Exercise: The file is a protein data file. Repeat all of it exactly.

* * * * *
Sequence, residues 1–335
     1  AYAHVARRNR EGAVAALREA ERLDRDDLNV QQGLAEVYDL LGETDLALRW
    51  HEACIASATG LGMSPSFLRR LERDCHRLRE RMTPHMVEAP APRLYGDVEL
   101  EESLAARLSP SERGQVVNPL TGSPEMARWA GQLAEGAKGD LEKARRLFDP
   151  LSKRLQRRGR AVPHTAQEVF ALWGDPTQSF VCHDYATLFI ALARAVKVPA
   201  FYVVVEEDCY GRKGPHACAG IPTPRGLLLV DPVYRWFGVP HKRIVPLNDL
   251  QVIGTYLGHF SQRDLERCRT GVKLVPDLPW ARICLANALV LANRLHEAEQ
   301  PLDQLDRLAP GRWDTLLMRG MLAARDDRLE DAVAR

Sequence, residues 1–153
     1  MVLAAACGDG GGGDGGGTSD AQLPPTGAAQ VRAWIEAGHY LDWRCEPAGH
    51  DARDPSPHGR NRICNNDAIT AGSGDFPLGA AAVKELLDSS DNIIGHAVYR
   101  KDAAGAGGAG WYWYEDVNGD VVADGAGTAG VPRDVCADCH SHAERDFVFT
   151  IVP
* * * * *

Sequence, residues 1–335
     1  AYAHVARRNR EGAVAALREA ERLDRDDLNV QQGLAEVYDL LGETDLALRW
    51  HEACIASATG LGMSPSFLRR LERDCHRLRE RMTPHMVEAP APRLYGDVEL
   101  EESLAARLSP SERGQVVNPL TGSPEMARWA GQLAEGAKGD LEKARRLFDP
   151  LSKRLQRRGR AVPHTAQEVF ALWGDPTQSF VCHDYATLFI ALARAVKVPA
   201  FYVVVEEDCY GRKGPHACAG IPTPRGLLLV DPVYRWFGVP HKRIVPLNDL
   251  QVIGTYLGHF SQRDLERCRT GVKLVPDLPW ARICLANALV LANRLHEAEQ
   301  PLDQLDRLAP GRWDTLLMRG MLAARDDRLE DAVAR

Sequence, residues 1–153
     1  MVLAAACGDG GGGDGGGTSD AQLPPTGAAQ VRAWIEAGHY LDWRCEPAGH
    51  DARDPSPHGR NRICNNDAIT AGSGDFPLGA AAVKELLDSS DNIIGHAVYR
   101  KDAAGAGGAG WYWYEDVNGD VVADGAGTAG VPRDVCADCH SHAERDFVFT
   151  IVP